Last week, two interesting statistics on young people and sexual activity using their phones appeared in the media. The Journal of Pediatrics printed a study showing that 10 percent of kids age 10-17 have received or sent a sexually suggestive images, only 1 percent have shared images that display explicit nudity. The study suggests a few things: 1. It’s probably a tiny minority of the kids doing all the sexting, and 2. The hoopla over teens sexting is exactly that, hoopla. Here at Glamour we’re only so interested in what kids are doing (cue Helen Lovejoy’s “Won’t someone please think of the children!"), but this study begs the question: What exactly constitutes a sext?
With my two years as a sex/dating blogger, I feel I'm qualified to take a stab at this: a sext is subjective, and is really anything intended to make him hard or her wet. If you’re dating a guy who is super into feet, and you send him a photo of you trying in shoes, that’s a sext. If you’re dating a girl who has a dedicated spanking fetish, and you send her a picture of a ping pong paddle, that’s a sext. If your dating life lies somewhere in between and, like the rest of us, you like to see the occasional boob, bum, dick or chest pop up on your phone, just ask yourself: Is this meant to turn him/her on? If the answer is “yes” then according to me it’s sexting.
The question of sexting boils down to what Free Sex Moive
someone finds sexy. As a professional appreciator of the written word, I’m often turned on by description more than visuals. You writing me in a text what you’re doing, or will be doing (to me) is probably going to trump a picture of you in your undies. Probably. Who doesn’t like a picture of someone they find sexy in their underwear? We’re all visual creatures. Words in my texts are just easier to shape and digest than imagery (all that graininess, oy).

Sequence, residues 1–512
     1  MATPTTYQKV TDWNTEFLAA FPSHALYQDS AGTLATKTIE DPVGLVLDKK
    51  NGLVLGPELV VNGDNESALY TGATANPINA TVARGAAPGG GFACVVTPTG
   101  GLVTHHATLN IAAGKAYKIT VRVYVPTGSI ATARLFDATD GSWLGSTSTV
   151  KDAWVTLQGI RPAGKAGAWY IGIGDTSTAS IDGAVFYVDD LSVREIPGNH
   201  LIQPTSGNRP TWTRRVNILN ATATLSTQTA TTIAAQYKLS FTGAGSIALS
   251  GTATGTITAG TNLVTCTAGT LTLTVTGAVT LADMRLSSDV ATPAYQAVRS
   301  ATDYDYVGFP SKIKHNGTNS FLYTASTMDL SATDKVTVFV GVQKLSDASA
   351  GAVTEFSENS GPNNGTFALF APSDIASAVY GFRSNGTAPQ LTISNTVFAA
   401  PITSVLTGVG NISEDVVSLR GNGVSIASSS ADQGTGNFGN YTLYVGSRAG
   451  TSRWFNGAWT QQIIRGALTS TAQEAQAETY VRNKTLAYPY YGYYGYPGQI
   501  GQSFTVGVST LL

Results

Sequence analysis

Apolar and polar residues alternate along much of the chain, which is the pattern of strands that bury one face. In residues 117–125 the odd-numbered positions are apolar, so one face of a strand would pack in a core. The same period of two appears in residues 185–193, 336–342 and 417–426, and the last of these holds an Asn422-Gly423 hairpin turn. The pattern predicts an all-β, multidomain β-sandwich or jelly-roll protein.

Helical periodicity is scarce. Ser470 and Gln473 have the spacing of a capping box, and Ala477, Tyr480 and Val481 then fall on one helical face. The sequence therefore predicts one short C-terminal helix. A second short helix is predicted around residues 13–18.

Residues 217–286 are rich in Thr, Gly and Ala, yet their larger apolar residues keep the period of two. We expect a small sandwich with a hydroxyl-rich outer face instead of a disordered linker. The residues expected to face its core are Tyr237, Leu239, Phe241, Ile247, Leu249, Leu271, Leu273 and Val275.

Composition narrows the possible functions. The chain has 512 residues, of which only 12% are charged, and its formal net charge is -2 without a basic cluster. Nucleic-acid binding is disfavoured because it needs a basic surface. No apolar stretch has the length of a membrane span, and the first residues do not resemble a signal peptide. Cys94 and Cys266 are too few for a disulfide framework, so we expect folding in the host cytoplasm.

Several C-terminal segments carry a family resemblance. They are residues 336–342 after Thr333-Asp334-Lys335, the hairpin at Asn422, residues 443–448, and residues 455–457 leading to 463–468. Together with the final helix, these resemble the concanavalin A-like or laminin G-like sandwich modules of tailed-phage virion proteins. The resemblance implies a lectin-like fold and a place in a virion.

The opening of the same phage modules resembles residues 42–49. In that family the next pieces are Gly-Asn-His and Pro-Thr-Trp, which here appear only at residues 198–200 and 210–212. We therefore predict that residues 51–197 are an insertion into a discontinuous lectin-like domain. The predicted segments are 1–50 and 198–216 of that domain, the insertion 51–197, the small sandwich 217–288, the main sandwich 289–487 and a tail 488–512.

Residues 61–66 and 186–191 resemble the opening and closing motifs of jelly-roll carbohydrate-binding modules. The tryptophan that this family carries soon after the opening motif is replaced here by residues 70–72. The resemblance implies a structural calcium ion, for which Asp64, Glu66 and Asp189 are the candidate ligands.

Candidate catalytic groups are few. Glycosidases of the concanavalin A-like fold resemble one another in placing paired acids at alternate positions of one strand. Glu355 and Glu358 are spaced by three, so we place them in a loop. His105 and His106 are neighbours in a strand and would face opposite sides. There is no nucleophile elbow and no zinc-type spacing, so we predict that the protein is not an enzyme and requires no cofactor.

The key difference is that words are just words and much harder to use than visuals for future embarrassment or legal action. There’s little risk with sending type. But maybe that’s part of the thrill. I can’t say. It’s really up to you.
And that’s just it, it’s really up to you: what constitutes a sext, what constitutes a flirt, and what constitutes a plain old texty text. I’ll say this, and it’s just my little opinion: a huge part of the art of sex is temptation, uncovering the unknown, and suspense. Think about that when you’re sexting. The imagination is a powerful thing; you’ll probably be much more successful with titillation than tits (or toes, if that happens to be his thing).
Have you sent sexually suggestive Teen Porn
texts? Have you sent pictures? Have you received them?
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